ATM owners and operators will watch closely and provide support from the sidelines as the new Debit Network Alliance seeks to resolve the industry's nagging EMV debit routing issue at the retail point of sale.
Routing EMV-chip card transactions at an ATM may not be as complex as at a retail POS, but much is at stake in terms of the flexibility ATM owners currently enjoy in establishing routing with processors and hosts, says David Tente, executive director of the U.S. chapter of the ATM Industry Association.
"Currently, if an issuer hasn't provided a preference for routing, it is left up to the acquirer and the ATM operator to decide," Tente says. "In the EMV world, it wouldn't make a difference what the acquirer or ATM operator wanted."
The ATMIA released a white paper this week calling for payments networks to work collaboratively with ATM deployers to retain market flexibility in routing choices. The association's plea for collaboration was made public the same day 10 PIN debit networks announced the creation of a new company, the Debit Network Alliance.
The new company's mission is to bring together all debit networks, including the major card brands, to share technology for a common application identifier on cards that will allow merchants a choice of two or more routing networks.
The common AID, as it is called, would allow U.S. merchants to comply with the routing mandate of the Durbin amendment in the Dodd-Frank Act.
But the ATM industry is on hold as far as how EMV smart cards will be coded, along with the rest of the payments industry, because of federal Judge Richard Leon's July ruling that the Federal Reserve Board needs to re-examine its implementation of the Durbin amendment's requirements for debit fee caps and routing choices.
The debit networks and major card brands had not resolved the routing issue in the U.S., but were making progress prior to Leon's ruling throwing up a stop sign. Ownership of the technology for routing and governing its use have been major hang-ups all along.
"Our association fully supports that kind of collaborative approach [that the new alliance is taking]," Tente says. "We need to resolve this issue and get beyond it."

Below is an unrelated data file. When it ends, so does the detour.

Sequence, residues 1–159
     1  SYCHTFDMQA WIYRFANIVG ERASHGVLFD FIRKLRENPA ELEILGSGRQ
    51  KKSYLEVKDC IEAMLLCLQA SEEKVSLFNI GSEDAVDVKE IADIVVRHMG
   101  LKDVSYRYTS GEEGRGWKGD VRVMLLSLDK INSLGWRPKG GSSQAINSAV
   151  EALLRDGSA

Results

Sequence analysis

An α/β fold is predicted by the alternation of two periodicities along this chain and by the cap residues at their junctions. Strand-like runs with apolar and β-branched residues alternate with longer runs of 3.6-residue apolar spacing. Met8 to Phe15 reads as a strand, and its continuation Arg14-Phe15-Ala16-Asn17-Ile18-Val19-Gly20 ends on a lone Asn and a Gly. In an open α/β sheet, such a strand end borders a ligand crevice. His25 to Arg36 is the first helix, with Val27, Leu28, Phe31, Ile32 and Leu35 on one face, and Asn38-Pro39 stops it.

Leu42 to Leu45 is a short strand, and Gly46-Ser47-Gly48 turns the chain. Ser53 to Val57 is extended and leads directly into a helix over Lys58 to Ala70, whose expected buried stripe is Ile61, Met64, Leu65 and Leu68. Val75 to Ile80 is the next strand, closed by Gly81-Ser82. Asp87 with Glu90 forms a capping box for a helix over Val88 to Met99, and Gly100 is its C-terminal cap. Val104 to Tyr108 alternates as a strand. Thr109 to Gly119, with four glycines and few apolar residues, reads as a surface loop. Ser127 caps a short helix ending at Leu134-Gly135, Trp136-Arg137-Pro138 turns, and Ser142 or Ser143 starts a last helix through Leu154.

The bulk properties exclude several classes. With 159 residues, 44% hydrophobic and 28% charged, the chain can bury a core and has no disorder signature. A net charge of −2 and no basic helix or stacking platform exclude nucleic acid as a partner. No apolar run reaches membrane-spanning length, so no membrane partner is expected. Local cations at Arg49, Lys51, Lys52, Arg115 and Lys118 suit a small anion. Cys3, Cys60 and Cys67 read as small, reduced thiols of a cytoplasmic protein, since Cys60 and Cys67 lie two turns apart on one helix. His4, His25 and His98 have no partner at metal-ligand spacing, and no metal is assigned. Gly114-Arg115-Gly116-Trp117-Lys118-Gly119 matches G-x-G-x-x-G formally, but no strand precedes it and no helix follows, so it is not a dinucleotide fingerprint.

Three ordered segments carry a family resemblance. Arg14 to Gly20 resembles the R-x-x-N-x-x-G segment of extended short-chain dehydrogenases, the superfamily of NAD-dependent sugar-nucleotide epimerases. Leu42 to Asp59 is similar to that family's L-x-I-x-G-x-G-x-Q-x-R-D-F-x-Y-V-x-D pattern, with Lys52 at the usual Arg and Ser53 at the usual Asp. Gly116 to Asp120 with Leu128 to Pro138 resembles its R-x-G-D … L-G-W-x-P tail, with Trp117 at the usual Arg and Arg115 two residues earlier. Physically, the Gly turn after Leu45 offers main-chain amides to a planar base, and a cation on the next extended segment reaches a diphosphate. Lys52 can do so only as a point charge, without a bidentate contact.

The creation of the network alliance company and the uncertainty over the federal ruling puts the payments industry "at an important juncture in the process," says Bruce Renard, executive director of the National ATM Council.
"Durbin doesn't cover ATM transactions, per se, but it still has a chilling effect on the process," Renard says. "We are happy to see this new company that is committed to spearheading a common AID in the U.S."
ATM owners and operators remain concerned because the U.S. still does not have a specification for EMV, yet liability shifts for ATM owners loom in 2016 with MasterCard and 2017 with Visa, Renard says.
"The current uncertainty centers on a lack of upgrade kits and new machines," Renard says.
In addition, getting ATMs certified for EMV acceptance "literally machine by machine" will take a significant amount of time, Renard adds.
"The overall timetable and expenditures add up to questions about whether the liability shift timeline is fair or not," Renard says. "We have grave concerns that they are not."
Paul Tomasofsky, executive director of the Debit Network Alliance, says he understands why ATM operators are anxious about what will happen next.
"It's not near as complex as the POS because of Durbin, and there are lot more POS terminals than there are ATMs," Tomasofsky says. "But there are routing requirements and rules that an ATM owner and the issuer need to agree on."
As such, ATM routing and future standards are clearly a part of what the Debit Network Alliance hopes to achieve, he adds.
Renard says the ATM industry is still trying to determine the effect of the April liability shift for MasterCard's internationally-issued EMV Maestro card transactions at the ATM.
With a 90-day lag on chargebacks, Renard says his council is just now starting to see chargebacks from Maestro cards turning up. Still, an agreement the national council made with MasterCard to block Maestro transactions on ATMs that rarely handled those transactions and for the card brand to put more of its fraud-prevention tools on those machines that did handle a lot of Maestro traffic has worked out well, he adds.
The EMV debit routing debate and ensuing liability shifts present more of a problem for the ATM industry than compliance with Americans with Disabilities Act measures for handicap access in 2012, Renard says.
"Nothing [to challenge compliance] would happen immediately the day after the ADA deadline, but with a liability shift, that's it," Renard says. "The very next day, you are on the hook for fraud if you do not have an EMV-compliant machine."